HI greyhorse and If I did not do so already, WELCOME TO THE FORUM. Glad you are joining us!
This is generally how we do inductions (I work 2 hospitals):
Inductions are done for several reasons, most non-medical, unfortunately. Most are "social" and a few are for "postdates" (40 weeks, is actually sited as "postdates" often). A few ARE done for LGA, PIH, Diabetic complications or potential problems such as low AFI or fetal indications.
Most of the time, for unripe cercives, we do misoprostol (cytotec). At the one hospital it's oral cytotec, 50mcg q3 hours, unless otherwise indicated. We don't generally use cervidil or prostin anymore. At the other hospital, it's Cytotec, 25mcg in the posterior fornix of the cervix (such fun getting that wee lil pill in there). Same thing; q3 hours unless contra-indicated. If nothing changes, no labor/cervical changes--- and mom and baby are ok, they go home, usually w/orders to return in 2-3 days for a re-evaluation.
If they stay, usually, the next morning at about 5 or 6--- after eating dinner and sleeping--- we begin LOW DOSE pitocin. We have become much more conservative w/pit use in both hospitals to avoid hyperstim situations. Usually, it's begun at 1 mu/min and go up by 1-2 mu each 30 minutes, NOT 15 or 20 minutes, anymore. NONE of our docs do the "rambo pit" of days gone by. You know, when you start at 6mu and go up by 6mu every 30 min. It got us into too much trouble. We generally look to have contractions q4-5 minutes that palpate moderate to strong. If I can possibly get an IUPC in there, I do. I prefer to pit by montevideo units for accuracy and safety. If not, I am very careful to watch the fetus for s/s of trouble due to hyperstim. The biggest challenge to me is the "fluffy" patient whose cervix is 2 miles high (so no internals) and how to guage accurately the amt. of pitocin is best. I am careful. Hyperstim is nothing to play with. If I see evidence of hyperstim, I back the pit down by 1/2, place O2 on and observe. If all is ok, then I creep up slowly again. If still problems, I turn it off and call the dr/midwife.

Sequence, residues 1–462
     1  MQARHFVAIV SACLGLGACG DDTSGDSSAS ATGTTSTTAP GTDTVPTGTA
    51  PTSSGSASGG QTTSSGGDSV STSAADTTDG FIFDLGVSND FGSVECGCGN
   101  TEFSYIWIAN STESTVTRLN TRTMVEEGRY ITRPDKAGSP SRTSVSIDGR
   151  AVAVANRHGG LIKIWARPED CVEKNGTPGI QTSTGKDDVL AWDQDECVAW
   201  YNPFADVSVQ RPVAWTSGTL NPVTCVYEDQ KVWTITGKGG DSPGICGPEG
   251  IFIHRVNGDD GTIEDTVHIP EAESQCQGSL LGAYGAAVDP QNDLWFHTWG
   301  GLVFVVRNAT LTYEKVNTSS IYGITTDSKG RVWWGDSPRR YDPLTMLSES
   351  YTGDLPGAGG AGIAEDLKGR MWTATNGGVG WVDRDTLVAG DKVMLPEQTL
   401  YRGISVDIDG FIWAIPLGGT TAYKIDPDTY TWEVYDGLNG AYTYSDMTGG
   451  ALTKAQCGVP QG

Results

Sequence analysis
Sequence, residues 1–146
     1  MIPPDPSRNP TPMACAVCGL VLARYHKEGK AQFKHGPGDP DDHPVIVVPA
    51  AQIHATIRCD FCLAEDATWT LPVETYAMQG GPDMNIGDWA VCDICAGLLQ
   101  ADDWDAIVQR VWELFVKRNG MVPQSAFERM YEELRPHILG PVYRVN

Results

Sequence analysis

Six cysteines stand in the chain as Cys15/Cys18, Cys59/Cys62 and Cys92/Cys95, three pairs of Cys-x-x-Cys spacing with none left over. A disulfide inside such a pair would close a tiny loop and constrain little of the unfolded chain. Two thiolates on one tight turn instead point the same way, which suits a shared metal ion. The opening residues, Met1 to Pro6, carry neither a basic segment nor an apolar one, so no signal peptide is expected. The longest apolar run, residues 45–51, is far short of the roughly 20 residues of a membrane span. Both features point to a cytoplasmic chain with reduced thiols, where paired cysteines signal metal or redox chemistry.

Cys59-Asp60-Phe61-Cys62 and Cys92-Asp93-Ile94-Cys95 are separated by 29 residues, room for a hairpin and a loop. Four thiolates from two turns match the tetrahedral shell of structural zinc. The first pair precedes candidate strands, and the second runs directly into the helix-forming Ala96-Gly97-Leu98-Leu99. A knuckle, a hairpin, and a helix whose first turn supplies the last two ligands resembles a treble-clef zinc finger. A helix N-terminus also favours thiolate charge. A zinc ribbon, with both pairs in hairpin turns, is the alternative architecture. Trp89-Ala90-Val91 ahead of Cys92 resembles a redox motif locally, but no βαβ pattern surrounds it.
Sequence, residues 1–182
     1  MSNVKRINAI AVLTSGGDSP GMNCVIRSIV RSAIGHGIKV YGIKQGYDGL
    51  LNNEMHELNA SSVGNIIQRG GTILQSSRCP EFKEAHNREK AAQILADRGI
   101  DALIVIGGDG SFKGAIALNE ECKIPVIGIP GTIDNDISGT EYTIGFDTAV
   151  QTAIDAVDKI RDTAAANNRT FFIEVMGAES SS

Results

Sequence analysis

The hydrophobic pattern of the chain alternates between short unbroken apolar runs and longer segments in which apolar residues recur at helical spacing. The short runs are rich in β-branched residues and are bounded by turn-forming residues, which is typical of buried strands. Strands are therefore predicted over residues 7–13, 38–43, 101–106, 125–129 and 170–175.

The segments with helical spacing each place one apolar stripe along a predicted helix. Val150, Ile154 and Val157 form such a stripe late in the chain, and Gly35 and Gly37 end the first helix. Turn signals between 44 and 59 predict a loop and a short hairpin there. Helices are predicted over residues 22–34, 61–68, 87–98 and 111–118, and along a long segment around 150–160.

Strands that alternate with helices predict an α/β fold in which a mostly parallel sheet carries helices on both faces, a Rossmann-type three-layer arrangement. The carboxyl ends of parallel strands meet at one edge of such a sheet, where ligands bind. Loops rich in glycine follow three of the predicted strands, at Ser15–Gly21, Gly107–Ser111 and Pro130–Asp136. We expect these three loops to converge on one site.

The doctors DO like to use the Friedman curve to assess if labor is adequate. If they fall off, they are looking hard at a csection. Does the rise in induction rates correspond w/the rise in rate of csection? (close to 25% nationwide)? I think so, but it's not been proven absolutely. Very controversial.
I did hear something interesting at a perinatal conference two days ago. The current recommendation ACOG is now looking to offer? A csection as an option to ALL expectant women (even those who are primip with NO KNOWN RISK FACTORS!), who desire NOT to go thru trial of vaginal labor/delivery. The wisdom? To avoid bladder and perineal trauma (which studies are saying occurs much earlier in labor than thought, NOT 2nd stage pushing but prolonged first stage). This would purportedly avoid subsequent problems and unnecessary GYN surgeries (such as bladder repair, uterine prolapse repair, etc), later on. Whether we come on line w/this or not in the USA remains to be seen. I will be watching and waiting to see what AWHONN has to say on this, too!